Still, I think you’re right. Whatever has happened to Norman, he loved and trusted Emma and Ray. He would respond to them. He might be too far gone, and as you said, that last bit could throw us in an entirely different direction.
But did you notice that the characters are back to the point where we can have a robust talk about their motivations? In a good way, parts of this episode felt more like the first season.
But I’m really curious to know more about what Norman was talking bout at the end.
Revious Episode Reviews
- The Promised Neverland Season 2 Episode 1: Episode 1
- The Promised Neverland Season 2 Episode 2: Episode 2
- The Promised Neverland Season 2 Episode 3: Episode 3
- The Promised Neverland Season 2 Episode 4: Episode 4
- The Promised Neverland 2 episode 5 – Liar’s Dice
- The Promised Neverland Season 2 Episode 5.5 – Compare and Contrast
5 thoughts on “The Promised Neverland 2 episode 6 – Risk”
I was expecting Norman to come back as an antagonist, so I’m not that surprised. I just think the set-up is probably the most straightforward I could have thought of, and it’s a tad disappointing.
As for the demons: the two we met cited “religious reasons”; Norman’s statement at the end seems to imply they’re either unique or the non-regressive kinds are very rare, but what then does “religious” mean? To me, religion (as opposed to spirituality) implies a community with community practices. Not sure the show does, too, or maybe the translation was a little off? I’m re-orienting myself a little here.
In any case, I note they’re bringing up religion more often in this second season, when I felt what they set up in season 1 and by showing us the town felt more like class divisions.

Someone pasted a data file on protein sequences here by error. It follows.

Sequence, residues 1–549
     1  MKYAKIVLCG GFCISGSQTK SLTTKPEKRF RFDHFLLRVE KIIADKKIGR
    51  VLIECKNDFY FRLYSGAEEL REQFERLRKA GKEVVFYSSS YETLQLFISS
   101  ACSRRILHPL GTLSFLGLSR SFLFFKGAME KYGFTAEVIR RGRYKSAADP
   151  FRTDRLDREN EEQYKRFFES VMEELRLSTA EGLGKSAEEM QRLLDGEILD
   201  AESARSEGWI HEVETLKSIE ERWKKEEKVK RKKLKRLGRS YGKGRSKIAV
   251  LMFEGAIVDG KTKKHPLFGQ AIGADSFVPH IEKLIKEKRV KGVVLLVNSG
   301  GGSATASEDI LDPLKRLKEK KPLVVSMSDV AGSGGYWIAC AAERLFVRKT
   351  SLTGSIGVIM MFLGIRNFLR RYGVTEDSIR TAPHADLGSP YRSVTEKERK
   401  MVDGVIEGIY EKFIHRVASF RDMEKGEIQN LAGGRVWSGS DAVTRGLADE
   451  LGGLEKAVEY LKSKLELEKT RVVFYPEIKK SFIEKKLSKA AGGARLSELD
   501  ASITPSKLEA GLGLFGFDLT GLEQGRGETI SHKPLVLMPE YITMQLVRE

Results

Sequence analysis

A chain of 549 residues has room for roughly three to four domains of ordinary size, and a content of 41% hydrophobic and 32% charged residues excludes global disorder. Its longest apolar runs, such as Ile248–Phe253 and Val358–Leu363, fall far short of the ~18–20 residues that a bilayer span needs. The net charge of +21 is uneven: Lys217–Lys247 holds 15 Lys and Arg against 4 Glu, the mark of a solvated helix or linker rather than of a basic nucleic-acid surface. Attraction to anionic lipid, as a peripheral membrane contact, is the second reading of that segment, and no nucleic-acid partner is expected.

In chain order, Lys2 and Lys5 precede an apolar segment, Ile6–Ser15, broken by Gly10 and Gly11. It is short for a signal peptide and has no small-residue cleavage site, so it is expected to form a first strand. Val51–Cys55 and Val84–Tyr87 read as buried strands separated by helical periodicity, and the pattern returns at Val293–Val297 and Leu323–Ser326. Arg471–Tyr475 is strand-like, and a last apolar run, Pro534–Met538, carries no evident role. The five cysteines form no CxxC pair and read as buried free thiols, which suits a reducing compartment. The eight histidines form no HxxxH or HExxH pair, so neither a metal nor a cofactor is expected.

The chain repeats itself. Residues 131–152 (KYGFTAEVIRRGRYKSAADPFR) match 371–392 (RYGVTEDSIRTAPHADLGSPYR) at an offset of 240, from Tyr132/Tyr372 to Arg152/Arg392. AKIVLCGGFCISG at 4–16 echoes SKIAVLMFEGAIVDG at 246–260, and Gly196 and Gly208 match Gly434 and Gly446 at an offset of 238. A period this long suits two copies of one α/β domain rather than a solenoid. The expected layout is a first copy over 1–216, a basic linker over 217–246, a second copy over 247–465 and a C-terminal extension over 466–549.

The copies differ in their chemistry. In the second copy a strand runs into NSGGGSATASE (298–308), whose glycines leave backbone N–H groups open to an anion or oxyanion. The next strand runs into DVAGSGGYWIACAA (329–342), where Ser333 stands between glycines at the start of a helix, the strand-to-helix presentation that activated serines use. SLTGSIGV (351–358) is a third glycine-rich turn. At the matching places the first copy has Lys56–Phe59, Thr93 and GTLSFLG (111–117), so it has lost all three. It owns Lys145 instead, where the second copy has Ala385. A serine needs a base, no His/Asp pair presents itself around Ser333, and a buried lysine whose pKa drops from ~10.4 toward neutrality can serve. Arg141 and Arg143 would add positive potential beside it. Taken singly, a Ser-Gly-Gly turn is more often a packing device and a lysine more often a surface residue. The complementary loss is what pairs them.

I feel there’s something lost in the rush from the source material, but who knows? In any case, I barely care after this episode. I didn’t like it much (with the conversation between Emma and Ray being a notable exception), and given the current social climate, I’m not really in the mood for dealing with extremists. Here’s something: if you’re trying to explore a difficult issue, don’t make your antagonists extremists. You’re usually going to fixate on one not-that-interesting element. I mean, Emma’s psychological state right now is very interesting, but I’m sort of afraid that show’s about to pull a plot-twist that makes things a lot more straightforward, so that we dodge the issue. I hope it doesn’t.
As glad as I was ti see Norman back, this episode moved us from long Norman speech to long talk between Ray and Emma, and then to the final conversation with Norman’s new crew. As interesting as the possibilities were watching thus wasn’t particularly interesting though I am curious to know what Norman will do next.